The Great Return of Nation-State Cybercrime

After a few years in which “commercial” cybercrime gained a large share of the eCrime market, the 2021 vintage was marked by a resurgence of interventions sponsored by nation states and aimed at harassing political enemies, or even to generate money to support different regimes. . Understanding these events helps measure the changing dynamics of adversary tactics and provides cybersecurity teams with critical information about an increasingly threatening environment. In the latest edition of its annual Global Threat Report, CrowdStrike offers a cybersecurity inventory by the end of 2021, where here are the key lessons.

Russian threat groups continue their offensive

Russia -supported cyberattacks have dominated cyberspace for some time now. Various groups following Moscow use cyber warfare as a tactic of destabilization, but also to steal information from their political enemies. In 2015, for example, the group VOODOO BEAR launched an offensive against Ukraine’s electricity infrastructure, depriving more than 200,000 citizens of heating and lighting.

Russia’s threats have long used spear phishing (spearphishing), a technique that uses email to send infected documents or links pointing to malicious infrastructure. According to recent information, these groups seem to have changed their tone and are now in favor the collection of identifiers, using sweeping sweeping techniques or creating phishing sites tailored to their targets. The main purpose of these attackers remains the collection of identities to gather information and have initial access to the companies or people targeted. Another technique recently implemented by Russian cybercriminals, theft of authentication cookies avoids obstacles caused by multi-factor authentication (MFA) tools placed to protect access to networks. This technique uses local network access to control privileged accounts and steal victims ’cloud services.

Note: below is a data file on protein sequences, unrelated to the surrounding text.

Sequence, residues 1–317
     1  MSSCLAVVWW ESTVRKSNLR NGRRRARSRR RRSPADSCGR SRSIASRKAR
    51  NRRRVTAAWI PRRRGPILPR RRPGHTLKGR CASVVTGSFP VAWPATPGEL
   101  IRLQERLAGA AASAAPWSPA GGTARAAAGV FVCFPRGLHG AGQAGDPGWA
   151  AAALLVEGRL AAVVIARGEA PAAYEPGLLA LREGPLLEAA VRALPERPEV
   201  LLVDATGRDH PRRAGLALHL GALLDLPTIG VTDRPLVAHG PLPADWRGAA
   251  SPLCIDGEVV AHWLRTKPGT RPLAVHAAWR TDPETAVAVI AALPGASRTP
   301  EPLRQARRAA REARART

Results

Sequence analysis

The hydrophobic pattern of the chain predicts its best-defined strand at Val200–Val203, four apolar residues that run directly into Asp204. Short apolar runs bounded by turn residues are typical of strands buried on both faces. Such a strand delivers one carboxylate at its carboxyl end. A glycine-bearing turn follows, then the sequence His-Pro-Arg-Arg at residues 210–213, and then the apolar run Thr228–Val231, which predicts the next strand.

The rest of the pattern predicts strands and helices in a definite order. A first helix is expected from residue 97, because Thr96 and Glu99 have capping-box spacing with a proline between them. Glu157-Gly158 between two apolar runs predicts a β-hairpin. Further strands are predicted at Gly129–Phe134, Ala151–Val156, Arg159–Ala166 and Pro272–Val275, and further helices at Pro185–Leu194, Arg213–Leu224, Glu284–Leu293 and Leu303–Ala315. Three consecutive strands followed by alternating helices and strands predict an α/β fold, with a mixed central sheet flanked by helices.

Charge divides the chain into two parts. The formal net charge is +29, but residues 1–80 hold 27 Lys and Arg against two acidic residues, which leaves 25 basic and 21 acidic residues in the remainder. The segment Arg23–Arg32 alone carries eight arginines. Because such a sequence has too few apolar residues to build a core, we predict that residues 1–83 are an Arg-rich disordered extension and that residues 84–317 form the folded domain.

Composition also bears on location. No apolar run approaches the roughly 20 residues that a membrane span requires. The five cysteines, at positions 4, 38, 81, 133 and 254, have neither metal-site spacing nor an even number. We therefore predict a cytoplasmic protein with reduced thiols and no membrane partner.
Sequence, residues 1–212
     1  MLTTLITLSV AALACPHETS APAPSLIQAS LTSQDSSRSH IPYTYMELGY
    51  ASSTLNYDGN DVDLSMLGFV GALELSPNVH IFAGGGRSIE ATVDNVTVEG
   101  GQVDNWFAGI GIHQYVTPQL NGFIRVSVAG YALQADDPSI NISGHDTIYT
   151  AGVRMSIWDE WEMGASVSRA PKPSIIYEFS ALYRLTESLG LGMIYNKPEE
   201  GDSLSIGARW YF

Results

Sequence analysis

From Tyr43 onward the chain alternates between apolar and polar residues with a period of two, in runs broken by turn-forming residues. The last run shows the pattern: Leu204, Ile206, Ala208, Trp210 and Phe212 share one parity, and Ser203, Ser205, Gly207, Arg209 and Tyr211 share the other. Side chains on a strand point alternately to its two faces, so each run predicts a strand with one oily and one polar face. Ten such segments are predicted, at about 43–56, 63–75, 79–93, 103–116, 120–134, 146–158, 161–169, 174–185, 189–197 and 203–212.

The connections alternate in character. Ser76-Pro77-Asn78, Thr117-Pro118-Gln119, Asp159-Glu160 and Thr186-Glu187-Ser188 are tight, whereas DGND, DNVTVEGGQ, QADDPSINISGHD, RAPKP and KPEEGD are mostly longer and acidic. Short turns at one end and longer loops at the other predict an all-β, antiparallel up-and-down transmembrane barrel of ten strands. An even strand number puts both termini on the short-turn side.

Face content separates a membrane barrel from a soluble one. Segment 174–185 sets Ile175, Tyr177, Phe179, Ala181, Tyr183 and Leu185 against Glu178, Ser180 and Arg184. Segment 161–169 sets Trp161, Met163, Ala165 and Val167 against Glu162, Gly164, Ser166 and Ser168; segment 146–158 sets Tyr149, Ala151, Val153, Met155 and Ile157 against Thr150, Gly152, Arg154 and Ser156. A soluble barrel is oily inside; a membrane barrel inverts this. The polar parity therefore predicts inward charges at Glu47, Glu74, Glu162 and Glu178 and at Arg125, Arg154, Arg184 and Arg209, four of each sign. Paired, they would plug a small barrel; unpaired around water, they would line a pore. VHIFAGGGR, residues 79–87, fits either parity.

Challenges from China

Over the years, Chinese groups have developed and deployed exploits to carry out their targeted invasion operations. In 2021, however, observers noticed a significant change in methodology. So, after long use of common techniques that require user interaction such as opening malicious documents, China -based groups have significantly refocused their approach on vulnerabilities devices or services that communicate directly with the Internet.

Recent information shows that cybercriminal affiliates in Beijing have paid particular attention to a range of vulnerabilities in Microsoft Exchange. They used them to try to get into many companies around the world. This does not prevent Chinese hackers from continuing to exploit Internet connectivity products — VPNs, routers, and other software hosted on Web-connected servers — whether there is initial access or takeover. the infrastructure control. This activity demonstrates, if necessary, the vitality of this community of hackers.

Iran is gaining momentum